Thursday, March 7, 2024

Lessons in Chemistry

This was a book club pick and a worthwhile one. Otherwise, I would've missed it. 

Such a powerhouse female character, who will resonate with women of any age, is our leading lady Elizabeth Zott. 

I loved her outlook on life, her love of Calvin, and watching her carve her path in a time when such a thing was frowned upon. 
I had several moments when I laughed out loud. But I didn't cry. And I did learn about chemsitry, rowing, and how dogs think. 

I listened to the audiobook in four days. It's that good. The narrator is excellent. 

Prepare to have your thoughts challenged and elevated in the best of ways. 


Chemist Elizabeth Zott is not your average woman. In fact, Elizabeth Zott would be the first to point out that there is no such thing as an 
average woman. But it's the early 1960s and her all-male team at Hastings Research Institute takes a very unscientific view of equality. Except for one: Calvin Evans; the lonely, brilliant, Nobel-prize nominated grudge-holder who falls in love with—of all things—her mind. True chemistry results.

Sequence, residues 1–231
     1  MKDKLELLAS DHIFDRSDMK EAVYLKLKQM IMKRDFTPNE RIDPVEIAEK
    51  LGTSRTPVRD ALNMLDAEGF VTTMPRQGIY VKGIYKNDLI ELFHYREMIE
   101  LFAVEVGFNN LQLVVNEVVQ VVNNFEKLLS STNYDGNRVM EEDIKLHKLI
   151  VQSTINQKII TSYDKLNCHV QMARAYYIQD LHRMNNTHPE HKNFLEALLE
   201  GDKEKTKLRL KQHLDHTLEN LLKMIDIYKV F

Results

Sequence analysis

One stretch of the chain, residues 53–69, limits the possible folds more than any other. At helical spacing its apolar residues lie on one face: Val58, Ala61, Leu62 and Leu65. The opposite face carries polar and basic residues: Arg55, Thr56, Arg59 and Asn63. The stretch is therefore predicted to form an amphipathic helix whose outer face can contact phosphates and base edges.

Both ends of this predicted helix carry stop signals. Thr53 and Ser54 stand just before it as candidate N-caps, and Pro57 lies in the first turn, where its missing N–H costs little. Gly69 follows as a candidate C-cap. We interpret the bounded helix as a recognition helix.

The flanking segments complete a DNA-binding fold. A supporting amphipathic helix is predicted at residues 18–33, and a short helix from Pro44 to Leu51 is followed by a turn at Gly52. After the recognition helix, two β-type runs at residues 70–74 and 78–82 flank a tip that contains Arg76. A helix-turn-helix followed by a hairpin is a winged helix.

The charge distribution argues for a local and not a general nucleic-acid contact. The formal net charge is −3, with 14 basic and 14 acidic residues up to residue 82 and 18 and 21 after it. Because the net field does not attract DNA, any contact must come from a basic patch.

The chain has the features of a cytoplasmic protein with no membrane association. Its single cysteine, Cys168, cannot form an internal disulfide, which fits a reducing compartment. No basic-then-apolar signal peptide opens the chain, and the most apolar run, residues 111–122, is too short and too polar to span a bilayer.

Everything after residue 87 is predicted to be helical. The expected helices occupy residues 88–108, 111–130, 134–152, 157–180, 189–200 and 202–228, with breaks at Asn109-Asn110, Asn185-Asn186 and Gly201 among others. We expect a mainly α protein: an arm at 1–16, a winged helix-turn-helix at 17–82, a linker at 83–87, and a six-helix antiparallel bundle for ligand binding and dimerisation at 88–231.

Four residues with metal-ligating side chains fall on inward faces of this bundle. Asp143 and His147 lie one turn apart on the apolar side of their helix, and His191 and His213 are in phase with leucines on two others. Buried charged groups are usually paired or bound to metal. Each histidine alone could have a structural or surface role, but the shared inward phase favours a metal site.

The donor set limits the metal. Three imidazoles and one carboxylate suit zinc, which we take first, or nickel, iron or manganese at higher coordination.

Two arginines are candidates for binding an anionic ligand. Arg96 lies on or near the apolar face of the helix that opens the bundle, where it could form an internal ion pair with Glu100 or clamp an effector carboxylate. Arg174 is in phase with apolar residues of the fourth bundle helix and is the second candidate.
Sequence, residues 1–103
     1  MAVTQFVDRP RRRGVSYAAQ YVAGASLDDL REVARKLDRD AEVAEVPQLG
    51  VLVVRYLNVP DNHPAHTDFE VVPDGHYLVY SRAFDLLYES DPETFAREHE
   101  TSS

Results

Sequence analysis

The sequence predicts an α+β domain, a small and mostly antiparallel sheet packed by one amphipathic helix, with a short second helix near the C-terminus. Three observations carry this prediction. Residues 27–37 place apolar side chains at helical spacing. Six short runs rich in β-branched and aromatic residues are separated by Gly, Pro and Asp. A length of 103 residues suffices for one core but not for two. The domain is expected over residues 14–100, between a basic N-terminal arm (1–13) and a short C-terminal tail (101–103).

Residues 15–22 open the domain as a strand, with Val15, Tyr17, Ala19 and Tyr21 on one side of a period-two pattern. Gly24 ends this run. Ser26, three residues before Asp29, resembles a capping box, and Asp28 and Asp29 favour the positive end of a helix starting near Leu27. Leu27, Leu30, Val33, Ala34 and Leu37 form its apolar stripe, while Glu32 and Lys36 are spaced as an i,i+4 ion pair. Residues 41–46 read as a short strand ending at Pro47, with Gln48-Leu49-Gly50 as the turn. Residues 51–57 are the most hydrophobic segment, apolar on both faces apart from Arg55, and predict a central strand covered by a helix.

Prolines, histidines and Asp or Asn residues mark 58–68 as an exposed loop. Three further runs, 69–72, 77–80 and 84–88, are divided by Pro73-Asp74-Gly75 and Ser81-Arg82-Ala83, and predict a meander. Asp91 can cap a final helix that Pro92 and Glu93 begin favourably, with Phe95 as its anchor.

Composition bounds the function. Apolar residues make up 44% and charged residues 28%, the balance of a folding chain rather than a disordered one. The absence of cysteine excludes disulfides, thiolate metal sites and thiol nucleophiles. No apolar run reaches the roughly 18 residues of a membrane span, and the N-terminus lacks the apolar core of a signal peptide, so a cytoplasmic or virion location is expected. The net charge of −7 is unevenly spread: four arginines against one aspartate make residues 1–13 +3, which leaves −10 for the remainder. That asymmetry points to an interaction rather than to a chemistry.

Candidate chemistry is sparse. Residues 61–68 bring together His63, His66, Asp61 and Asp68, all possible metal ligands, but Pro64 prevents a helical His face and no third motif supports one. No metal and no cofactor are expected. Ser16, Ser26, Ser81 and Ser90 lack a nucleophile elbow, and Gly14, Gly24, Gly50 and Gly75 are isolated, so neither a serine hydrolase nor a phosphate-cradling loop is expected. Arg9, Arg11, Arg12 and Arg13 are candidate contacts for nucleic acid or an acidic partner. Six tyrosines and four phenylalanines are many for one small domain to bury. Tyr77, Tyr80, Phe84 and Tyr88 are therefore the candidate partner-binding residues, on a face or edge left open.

But like science, life is unpredictable. Which is why a few years later Elizabeth Zott finds herself not only a single mother, but the reluctant star of America's most beloved cooking show 
Supper at Six. Elizabeth's unusual approach to cooking ("combine one tablespoon acetic acid with a pinch of sodium chloride") proves revolutionary. But as her following grows, not everyone is happy. Because as it turns out, Elizabeth Zott isn't just teaching women to cook. She's daring them to change the status quo.

Laugh-out-loud funny, shrewdly observant, and studded with a dazzling cast of supporting characters, 
Lessons in Chemistry is as original and vibrant as its protagonist.

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